Unfortunately, studies on thermoregulatory mechanisms in bats, evidencing data on the natural history of bat species as we provided here are very scarce near the equator even it may be essential to model the how different aspects of species (including physiological and distributional aspects) will be influenced by climate change in the future (Jones and Rabelo 2013). Deforestation, land conversion into large agricultural fields and urban development can increase global warming (Letcher 2021) forcing different species to adapt their behaviors and physiology to new climatic conditions and resources or they can be led to extinction (see Festa et al. 2022). We recommend more studies to be carried out in hot regions that assess how bats would deal mainly with higher temperatures, including monitoring it in roost sites and contemplating physiological questions on tropical and subtropical bat species.


We thank J. P. Gava-Just for providing us the sixth record of this manuscript; Fundação de Amparo à Pesquisa e Inovação do Estado de Santa Catarina (FAPESC) – 06/2016, number 2017TR1706; and the two anonymous reviewers that helped improve this note considerably.

Literature cited

Alvares, C. A., et al. 2013. Köppen's climate classification map for Brazil. Meteorologische Zeitschrift 22:711-728.

Avila-Flores, R., and R. A. Medellín. 2004. Ecological, taxonomic, and physiological correlates of cave use by Mexican bats. Journal of Mammalogy 85:675-687.

Badino, G. 2004. Clouds in caves. Speleogenesis and Evolution of Karst Aquifers 2:1-8.

Bale, J. S. 2002. Insects and low temperatures: from molecular biology to distributions and abundance. Philosophical Transactions of the Royal Society B 357:849-862.

Bôlla, D. A. S., et al. 2017. Phyllostomid bats flying in daylight: a case from the Neotropics. Journal of Natural History 51:2947-2953.

Bondarenco, A., G. Körtner, and F. Geiser. 2014. Hot bats: extreme thermal tolerance in a desert heat wave. Naturwissenschaften 101:679-685.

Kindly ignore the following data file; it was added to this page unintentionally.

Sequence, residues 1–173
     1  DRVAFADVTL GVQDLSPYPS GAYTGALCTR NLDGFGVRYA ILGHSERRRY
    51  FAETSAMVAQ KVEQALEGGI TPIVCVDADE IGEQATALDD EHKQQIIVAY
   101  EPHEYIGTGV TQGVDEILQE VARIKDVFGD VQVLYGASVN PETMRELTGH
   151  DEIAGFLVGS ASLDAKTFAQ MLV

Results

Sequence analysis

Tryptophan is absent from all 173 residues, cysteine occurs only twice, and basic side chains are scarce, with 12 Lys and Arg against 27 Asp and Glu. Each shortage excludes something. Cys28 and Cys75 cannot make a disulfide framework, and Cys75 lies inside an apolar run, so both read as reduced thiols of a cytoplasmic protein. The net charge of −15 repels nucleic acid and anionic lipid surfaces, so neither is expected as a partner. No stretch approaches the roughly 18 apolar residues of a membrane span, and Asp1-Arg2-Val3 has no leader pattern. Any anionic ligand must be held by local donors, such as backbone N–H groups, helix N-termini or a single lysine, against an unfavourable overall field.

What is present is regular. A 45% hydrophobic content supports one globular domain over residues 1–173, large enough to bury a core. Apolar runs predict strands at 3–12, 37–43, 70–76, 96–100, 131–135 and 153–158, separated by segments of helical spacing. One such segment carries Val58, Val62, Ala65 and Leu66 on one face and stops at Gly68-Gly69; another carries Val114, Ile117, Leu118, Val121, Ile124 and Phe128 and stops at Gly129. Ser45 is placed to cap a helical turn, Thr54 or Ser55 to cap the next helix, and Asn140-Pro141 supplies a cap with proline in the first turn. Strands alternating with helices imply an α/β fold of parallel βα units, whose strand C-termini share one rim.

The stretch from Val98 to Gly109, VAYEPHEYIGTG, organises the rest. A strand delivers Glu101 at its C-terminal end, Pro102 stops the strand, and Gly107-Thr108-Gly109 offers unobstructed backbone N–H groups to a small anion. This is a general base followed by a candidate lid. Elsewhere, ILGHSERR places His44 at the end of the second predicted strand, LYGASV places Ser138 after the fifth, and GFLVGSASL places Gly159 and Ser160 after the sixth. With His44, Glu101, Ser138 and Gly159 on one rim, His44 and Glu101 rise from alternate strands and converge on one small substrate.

Carini, A. 1911. Sur une grande épizootie de rage. Annales de l'Institut Pasteur 25:843-846.

Carpenter, R. E. 1969. Structure and function of the kidney and the water balance of desert bats. Physiological Zoology 42:288-302.

Chua, M. A., and S. A. Aziz. 2018. Into the light: atypical diurnal foraging activity of Blyth’s horseshoe bat, Rhinolophus lepidus (Chiroptera: Rhinolophidae) on Tioman Island, Malaysia. Mammalia 83:78-83.

Clare, E. L., et al. 2014. Trophic niche flexibility in Glossophaga soricina: how a nectar seeker sneaks an insect snack. Functional Ecology 28:632-641.

Empresa de Pesquisa Agropecuária e Extensão Rural de Santa Catarina (EPAGRI). 2023. Calcule o índice de calor e a sensação térmica. Accessed on 15 July, 2022.

Feng, X., A. Porporato, and I. Rodriguez-Iturbe. 2013. Changes in rainfall seasonality in the tropics. Nature Climate Change 3:811-815.

Festa, F., et al. 2022. Bat responses to climate change: a systematic review. Biological Reviews 98:19-33.

Hill, J. E., and J. D. Smith. 1984. Bats: a natural history. University of Texas Press. Austin, U.S.A.

Hood, C. S., and J. Pitocchelli. 1983. Noctilio albiventris. Mammalian Species 197:1-5.

Instituto Brasileiro de Geografia e Estatística (IBGE). 2012. Manual técnico da vegetação brasileira. Série Manuais Técnicos em Geociências. Instituto Brasileiro de Geografia e Estatística – IBGE. Rio de Janeiro, Brazil.

Jones, G., and H. Rebelo. 2013. Responses of bats to climate change: learning from the past and predicting the future. Pp. 457-478 in Bat evolution, ecology, and conservation (Adams, R. A., and S. C. Pedersen, eds.). Springer. New York, U.S.A.

Letcher, T. M. 2021. Global warming: a complex situation. Climate Change: Observed Impacts on Planet Earth 1:2-17.

Mikula, P., et al. 2016. Bats as prey of diurnal birds: a global perspective. Mammal Review 46:160-174.

Moore, N. W. 1975. The diurnal flight of the Azorean bat (Nyctalus azoreum) and the Avifauna of the Azores. Journal of Zoology 177:483-486.